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Emotional Scenes In Limpopo As Zim Serial Killer Appears In Court

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News24


THERE were emotional scenes at the Seshego Magistrate’s Court, outside Polokwane, Limpopo, on Thursday where an alleged serial killer appeared.

For Kenneth Makhura and Takana Chigoyi, the sight of the accused, Zimbabwean Themba Prince Willard Dube, brought back memories of the day they had to view the dismembered bodies of their sisters.

The shackled Dube appeared relaxed as police slowly escorted him to the court.

Police officers had to protect him from angry members of the public who are baying for his blood. The crowd banged on the police vehicle and shouted out that they wanted to dismember him “as he did to the victims”. However, the police managed to control the crowd.

Inside court, Dube did not show any emotions and avoided looking at the public gallery where victims’ family members were seated.

It’s alleged that Dube murdered Sarah Mothiba, Moleboheng Mothibeli, Khomotso Makhura, Sanah Sinyatsi, Andrea Cholo, Chisimango Gumbo and Jane Letswalo between August and October. He is facing charges of kidnapping, murder, rape, defeating the ends of justice and robbery.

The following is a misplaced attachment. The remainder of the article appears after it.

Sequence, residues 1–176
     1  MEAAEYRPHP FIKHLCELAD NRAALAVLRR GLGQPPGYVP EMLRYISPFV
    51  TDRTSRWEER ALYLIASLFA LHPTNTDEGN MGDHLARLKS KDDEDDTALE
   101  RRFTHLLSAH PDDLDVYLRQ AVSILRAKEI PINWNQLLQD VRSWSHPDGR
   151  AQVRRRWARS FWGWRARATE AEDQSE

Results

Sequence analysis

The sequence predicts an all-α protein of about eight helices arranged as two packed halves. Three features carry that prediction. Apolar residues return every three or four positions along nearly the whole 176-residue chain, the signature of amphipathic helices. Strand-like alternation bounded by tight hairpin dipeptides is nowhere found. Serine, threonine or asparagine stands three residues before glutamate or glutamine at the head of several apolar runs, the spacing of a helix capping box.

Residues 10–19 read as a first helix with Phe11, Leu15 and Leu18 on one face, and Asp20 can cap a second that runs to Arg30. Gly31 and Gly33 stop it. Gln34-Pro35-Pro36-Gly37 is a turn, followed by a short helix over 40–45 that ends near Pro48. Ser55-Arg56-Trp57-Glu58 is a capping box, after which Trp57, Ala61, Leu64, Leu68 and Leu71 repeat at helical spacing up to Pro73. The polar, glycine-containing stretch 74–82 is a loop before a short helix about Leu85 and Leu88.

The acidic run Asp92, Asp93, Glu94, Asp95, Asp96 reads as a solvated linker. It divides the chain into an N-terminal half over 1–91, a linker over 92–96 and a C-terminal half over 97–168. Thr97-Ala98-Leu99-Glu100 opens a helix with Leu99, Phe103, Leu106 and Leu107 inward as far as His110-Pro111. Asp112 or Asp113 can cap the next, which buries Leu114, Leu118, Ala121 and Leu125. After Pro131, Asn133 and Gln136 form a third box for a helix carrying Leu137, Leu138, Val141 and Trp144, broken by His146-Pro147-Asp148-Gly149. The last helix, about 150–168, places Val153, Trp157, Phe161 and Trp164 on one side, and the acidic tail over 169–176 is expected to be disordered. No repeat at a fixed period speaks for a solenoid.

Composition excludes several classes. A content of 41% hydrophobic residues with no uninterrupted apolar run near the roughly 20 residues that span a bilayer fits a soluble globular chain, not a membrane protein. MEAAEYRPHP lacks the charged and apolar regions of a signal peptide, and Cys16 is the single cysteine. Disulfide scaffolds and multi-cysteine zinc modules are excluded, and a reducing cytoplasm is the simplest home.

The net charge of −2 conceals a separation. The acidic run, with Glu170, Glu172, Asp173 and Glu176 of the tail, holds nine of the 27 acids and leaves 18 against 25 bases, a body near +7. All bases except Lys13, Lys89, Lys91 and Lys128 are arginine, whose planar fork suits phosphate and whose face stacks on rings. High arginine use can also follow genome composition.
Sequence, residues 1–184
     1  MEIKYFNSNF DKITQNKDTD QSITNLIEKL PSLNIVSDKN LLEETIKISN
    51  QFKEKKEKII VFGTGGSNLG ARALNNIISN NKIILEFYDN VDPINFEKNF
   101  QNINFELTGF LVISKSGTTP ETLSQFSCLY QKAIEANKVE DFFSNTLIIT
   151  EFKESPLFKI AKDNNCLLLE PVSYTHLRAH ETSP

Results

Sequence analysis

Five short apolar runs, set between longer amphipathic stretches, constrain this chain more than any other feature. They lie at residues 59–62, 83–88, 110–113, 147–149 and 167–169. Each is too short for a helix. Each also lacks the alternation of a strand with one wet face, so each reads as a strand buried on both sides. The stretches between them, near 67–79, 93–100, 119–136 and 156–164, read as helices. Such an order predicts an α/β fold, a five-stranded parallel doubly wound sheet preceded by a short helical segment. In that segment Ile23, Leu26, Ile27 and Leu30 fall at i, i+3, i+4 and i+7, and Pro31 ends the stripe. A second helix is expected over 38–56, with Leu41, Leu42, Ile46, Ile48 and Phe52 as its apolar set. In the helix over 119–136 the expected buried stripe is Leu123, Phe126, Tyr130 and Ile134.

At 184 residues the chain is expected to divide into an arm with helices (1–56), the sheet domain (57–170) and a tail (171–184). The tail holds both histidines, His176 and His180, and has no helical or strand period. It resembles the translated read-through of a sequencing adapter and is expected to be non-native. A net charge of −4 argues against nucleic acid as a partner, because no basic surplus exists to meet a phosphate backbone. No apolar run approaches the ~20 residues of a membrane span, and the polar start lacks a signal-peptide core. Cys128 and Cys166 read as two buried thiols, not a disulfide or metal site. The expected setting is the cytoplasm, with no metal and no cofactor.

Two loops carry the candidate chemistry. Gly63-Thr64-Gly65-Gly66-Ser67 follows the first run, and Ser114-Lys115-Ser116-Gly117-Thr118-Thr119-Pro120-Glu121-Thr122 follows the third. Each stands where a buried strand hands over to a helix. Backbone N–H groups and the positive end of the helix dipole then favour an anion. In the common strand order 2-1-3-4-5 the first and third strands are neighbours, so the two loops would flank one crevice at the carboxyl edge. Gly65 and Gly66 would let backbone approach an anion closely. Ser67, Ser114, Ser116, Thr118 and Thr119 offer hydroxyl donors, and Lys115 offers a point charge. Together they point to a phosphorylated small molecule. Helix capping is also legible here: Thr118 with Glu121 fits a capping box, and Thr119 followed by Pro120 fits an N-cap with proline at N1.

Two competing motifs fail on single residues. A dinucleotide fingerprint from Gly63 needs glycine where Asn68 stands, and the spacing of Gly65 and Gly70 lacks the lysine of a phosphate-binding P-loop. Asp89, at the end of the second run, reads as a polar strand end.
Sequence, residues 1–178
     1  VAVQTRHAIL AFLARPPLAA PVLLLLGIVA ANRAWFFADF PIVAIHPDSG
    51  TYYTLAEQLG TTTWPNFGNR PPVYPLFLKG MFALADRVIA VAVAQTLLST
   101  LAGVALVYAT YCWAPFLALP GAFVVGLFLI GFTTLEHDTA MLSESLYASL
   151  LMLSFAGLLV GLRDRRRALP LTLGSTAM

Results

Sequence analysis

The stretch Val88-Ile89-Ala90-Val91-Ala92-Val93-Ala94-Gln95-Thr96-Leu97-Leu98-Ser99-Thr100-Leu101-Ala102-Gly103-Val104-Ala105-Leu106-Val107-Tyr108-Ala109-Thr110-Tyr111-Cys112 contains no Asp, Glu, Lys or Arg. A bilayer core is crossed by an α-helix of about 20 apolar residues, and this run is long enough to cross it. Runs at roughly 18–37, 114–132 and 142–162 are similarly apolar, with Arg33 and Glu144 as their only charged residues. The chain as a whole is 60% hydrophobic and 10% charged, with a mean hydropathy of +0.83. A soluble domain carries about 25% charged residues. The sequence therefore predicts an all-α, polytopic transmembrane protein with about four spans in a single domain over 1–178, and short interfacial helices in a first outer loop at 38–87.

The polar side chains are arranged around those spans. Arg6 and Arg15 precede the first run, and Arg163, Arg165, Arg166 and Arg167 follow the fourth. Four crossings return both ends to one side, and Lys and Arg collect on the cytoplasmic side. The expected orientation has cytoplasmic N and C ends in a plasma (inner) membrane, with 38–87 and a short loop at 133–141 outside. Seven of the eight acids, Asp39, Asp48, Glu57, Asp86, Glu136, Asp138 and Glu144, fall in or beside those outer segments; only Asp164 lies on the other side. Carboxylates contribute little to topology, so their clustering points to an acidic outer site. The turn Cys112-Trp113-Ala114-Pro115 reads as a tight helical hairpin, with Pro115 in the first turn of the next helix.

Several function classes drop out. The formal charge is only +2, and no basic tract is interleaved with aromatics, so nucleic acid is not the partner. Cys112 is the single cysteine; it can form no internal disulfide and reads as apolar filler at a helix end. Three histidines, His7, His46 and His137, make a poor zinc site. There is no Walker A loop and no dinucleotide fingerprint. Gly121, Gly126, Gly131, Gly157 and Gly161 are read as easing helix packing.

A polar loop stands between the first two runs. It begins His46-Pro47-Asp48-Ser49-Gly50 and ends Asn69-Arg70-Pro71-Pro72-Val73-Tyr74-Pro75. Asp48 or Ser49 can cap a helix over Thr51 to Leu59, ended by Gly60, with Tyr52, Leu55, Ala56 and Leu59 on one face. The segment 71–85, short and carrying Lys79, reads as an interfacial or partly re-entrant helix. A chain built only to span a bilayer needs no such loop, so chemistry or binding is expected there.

Makhura, whose sister Khomotso, 41, was killed, told News24 that the pain was just too much to bear.

“I felt deep pain seeing him walking into court. However, there is nothing I can do because the law has to take its course. We live in South Africa where there is a rule of law,” Makhura said.

The DNA tests of all the victims have been outstanding for almost two months now. Makhura lamented the delay.

Chigoyi, who lost his sister Chisimango Gumbo, 42, almost broke down when he spoke to News24.

“I just don’t know what to tell my family back in Zimbabwe. This guy caused a lot of mess. You can’t just kill a person, no matter where you come from,” Chigoyi said.

SA Human Rights Commission monitor in Limpopo, Pat Molepo, told the media that the interview he held with the accused revealed that he was assaulted in custody.

“He (the accused) also indicated that he was not given anything to eat since being brought here this morning (Thursday).”

“From a human rights perspective, he still enjoys certain rights, despite his alleged heinous crimes or [being] a foreigner.  The State still has to prove its case,” Molepo said.